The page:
As the New Year rings in, we always welcome one of the best races in Australia to the front of the queue, Bogong to Hotham. Now in its 29th year, this grassroots affair entices some of the best runners in the country with the female and male fields looking strong as always.
Breaking a little from the tradition of focusing on the female contenders first, we’re going to place our attention on two of the big guns in the men’s race: the master and apprentice – Stu Gibson and Blake Hose.
While it would be unfair to say anyone else has a rats chance in hell against these two, it would take a serious blow-up, injury or lack of form to not see these two guys taking out one and two on the podium.
Like Six Foot Track, every year we ponder as to whether the record at this race will finally go. I’d have to check properly, but I do think it’s one of the longest, if not the longest standing record in any ultra in Australia – sitting at a staggering twenty years old. The legend that is Andy Kromar ran 6:41 back in 1996 and since then, only a handful of runners have broken the magical seven-hour mark. Stu Gibson riding oh so close in 2014, just three minutes off the record and Blake a further 12 minutes behind.
Back then, these two lads ran most of the race together before Stu pulled away to take the win, but not the record he’s been after for so long. As Stu said to me last week, this race means a heck of a lot to him.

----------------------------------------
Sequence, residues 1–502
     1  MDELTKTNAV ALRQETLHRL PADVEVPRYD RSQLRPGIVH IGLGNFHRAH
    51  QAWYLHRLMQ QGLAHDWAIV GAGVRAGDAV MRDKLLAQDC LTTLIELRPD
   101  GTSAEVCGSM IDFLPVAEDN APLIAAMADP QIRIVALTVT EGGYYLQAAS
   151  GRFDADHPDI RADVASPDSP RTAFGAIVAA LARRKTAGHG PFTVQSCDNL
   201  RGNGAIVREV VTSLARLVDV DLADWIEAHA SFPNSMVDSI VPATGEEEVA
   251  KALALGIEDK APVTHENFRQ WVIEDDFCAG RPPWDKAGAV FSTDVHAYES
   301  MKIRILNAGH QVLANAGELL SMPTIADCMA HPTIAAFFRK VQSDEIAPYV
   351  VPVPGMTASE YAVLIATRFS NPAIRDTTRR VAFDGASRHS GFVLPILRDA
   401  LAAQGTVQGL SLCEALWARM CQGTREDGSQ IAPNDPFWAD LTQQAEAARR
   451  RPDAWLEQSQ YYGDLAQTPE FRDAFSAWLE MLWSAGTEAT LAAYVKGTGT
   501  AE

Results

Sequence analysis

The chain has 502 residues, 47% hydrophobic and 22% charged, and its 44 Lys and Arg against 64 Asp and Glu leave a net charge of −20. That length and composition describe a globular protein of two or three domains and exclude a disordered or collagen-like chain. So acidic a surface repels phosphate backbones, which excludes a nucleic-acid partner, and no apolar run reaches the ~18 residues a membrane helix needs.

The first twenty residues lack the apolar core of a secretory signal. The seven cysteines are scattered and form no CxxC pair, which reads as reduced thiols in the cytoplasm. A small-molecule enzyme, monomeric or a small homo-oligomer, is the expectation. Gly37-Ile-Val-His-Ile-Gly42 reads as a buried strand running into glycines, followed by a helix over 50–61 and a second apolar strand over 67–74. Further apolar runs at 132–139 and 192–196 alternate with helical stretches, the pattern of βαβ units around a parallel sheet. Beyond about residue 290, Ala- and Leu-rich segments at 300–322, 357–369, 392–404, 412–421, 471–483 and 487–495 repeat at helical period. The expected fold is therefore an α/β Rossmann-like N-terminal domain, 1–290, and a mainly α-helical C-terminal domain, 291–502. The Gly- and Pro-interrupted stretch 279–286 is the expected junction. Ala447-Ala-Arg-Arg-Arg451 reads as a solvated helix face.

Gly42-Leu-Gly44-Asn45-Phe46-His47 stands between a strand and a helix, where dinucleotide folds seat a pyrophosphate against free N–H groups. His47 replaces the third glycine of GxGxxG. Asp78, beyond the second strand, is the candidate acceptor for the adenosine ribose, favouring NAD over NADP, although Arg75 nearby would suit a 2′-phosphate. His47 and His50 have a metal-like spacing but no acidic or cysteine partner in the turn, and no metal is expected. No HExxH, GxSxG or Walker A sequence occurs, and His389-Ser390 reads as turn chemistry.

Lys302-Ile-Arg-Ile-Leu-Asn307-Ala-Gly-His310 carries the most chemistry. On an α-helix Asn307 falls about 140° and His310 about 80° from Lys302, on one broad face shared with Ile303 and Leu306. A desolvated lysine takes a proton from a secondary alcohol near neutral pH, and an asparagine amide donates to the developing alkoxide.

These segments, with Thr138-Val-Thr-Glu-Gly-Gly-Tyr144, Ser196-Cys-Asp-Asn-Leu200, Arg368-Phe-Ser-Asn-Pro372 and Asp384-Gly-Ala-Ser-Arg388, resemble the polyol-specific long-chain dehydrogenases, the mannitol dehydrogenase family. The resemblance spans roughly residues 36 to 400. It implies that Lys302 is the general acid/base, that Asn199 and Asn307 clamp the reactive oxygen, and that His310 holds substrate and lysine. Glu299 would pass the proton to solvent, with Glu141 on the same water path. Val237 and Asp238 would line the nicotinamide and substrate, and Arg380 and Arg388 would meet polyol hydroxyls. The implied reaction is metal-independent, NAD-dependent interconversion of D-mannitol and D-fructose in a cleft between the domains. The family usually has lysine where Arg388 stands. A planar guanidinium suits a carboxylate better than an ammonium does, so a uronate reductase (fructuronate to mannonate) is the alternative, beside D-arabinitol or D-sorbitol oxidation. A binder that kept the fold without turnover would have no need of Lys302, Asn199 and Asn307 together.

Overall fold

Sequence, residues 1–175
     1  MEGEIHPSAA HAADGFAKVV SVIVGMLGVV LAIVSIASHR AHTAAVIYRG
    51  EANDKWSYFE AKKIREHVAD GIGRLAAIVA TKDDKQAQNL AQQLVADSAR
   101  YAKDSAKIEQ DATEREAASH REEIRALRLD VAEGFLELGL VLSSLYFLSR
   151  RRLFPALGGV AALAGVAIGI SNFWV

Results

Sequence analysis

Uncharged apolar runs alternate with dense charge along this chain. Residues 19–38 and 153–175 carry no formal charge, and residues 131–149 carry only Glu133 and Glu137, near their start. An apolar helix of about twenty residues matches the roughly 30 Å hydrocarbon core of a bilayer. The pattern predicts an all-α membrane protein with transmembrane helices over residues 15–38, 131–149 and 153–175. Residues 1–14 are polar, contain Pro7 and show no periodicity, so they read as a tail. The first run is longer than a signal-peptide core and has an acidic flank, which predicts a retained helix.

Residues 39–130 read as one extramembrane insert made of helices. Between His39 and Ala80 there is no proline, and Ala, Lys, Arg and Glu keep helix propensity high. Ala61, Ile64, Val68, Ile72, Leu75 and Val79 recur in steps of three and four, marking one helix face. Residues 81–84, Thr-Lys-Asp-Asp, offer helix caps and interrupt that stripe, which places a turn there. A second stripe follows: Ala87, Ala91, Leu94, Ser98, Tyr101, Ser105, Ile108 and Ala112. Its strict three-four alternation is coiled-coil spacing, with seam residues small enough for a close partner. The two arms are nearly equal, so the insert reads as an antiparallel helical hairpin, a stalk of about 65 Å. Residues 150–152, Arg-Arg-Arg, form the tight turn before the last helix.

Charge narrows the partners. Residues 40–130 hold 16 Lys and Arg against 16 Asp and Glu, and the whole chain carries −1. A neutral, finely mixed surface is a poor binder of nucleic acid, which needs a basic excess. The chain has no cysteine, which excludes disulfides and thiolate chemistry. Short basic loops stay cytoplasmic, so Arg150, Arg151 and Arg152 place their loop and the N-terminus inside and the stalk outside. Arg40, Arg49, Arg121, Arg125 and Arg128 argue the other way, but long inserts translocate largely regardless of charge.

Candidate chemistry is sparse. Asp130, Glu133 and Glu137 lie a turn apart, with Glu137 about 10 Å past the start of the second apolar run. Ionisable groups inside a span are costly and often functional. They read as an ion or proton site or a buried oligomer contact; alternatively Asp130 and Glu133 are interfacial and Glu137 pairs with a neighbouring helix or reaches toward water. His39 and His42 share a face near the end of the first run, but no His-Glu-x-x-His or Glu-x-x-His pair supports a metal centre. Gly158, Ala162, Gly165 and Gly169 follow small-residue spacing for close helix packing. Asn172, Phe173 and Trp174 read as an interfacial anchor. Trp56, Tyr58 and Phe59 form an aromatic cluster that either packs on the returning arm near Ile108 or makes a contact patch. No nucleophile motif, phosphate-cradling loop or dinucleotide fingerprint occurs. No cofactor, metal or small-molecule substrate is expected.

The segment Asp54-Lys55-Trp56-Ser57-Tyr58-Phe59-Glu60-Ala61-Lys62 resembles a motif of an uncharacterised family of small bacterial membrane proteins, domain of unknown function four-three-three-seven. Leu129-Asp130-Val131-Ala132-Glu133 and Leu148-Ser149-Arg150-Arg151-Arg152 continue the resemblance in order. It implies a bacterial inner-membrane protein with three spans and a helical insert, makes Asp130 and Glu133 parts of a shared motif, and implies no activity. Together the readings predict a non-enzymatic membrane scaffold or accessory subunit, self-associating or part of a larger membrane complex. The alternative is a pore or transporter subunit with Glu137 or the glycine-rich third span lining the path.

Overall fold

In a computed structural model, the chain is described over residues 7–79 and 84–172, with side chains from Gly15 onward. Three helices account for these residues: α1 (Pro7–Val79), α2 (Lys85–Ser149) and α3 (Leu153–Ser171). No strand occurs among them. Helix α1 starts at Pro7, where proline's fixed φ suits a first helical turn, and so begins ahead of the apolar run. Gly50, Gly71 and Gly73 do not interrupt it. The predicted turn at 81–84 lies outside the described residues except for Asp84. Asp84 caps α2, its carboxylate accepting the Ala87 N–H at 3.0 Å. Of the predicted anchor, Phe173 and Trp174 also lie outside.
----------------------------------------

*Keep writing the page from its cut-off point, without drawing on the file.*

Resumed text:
So it begs the question, will Stu finally grab the record he’s been so keen to bag for a number of years now, or will Blake Hose, under the guise of running coach David Byrne, steal it from Stu like a thief in the night?
There’s no doubting that when Stu is fully trained up and raring to go, he’s pretty much unbeatable. In fact, Stu has only lost two races on Australian soil. This race back in 2010 to John Winsbury and Cradle Mountain in 2013 to Rob Walter. Stu will always be there or thereabouts and you can’t ignore someone who just under a year ago, broke Ben Artup’s long-standing Six Foot Track record last year, lowering it by a minute to 3:14.
Stu trains to win. That is he picks a race, trains his nuts off for it and wins. So where’s the doubt?
To be fair to Stu (and he won’t mind me saying this!), the old boy is knocking on a bit (in the nicest possible way) and you have to wonder after so many years of punishing his body, can it take one more final hit at the record he so badly wants?
In the past he’s been very candid with me, saying that it gets harder and harder to get the body in shape for the beasting he puts it through in races. But the old boy is up for one last stand and I think he’ll make it pay dividends this time.
Then of course, there’s the young whipper snapper at his heels, Blake Hose…
Blake is one of our finest runners in the 50-100km category and he excels at this distance (64kms). Last year he ran the finest performance by an Aussie abroad in my opinion, finishing third at Transvulcania, one of the top races in the world, attended by some of the leading runners in the world. If you want to test your metal, then you go to Transvulcania, UTMB or Western States. That is the benchmark of where you are at globally…
- Luis Alberto Hernando
- Daniel Garcia Gomez
- Dakota Jones
- Zach Miller
- Timothy Olsen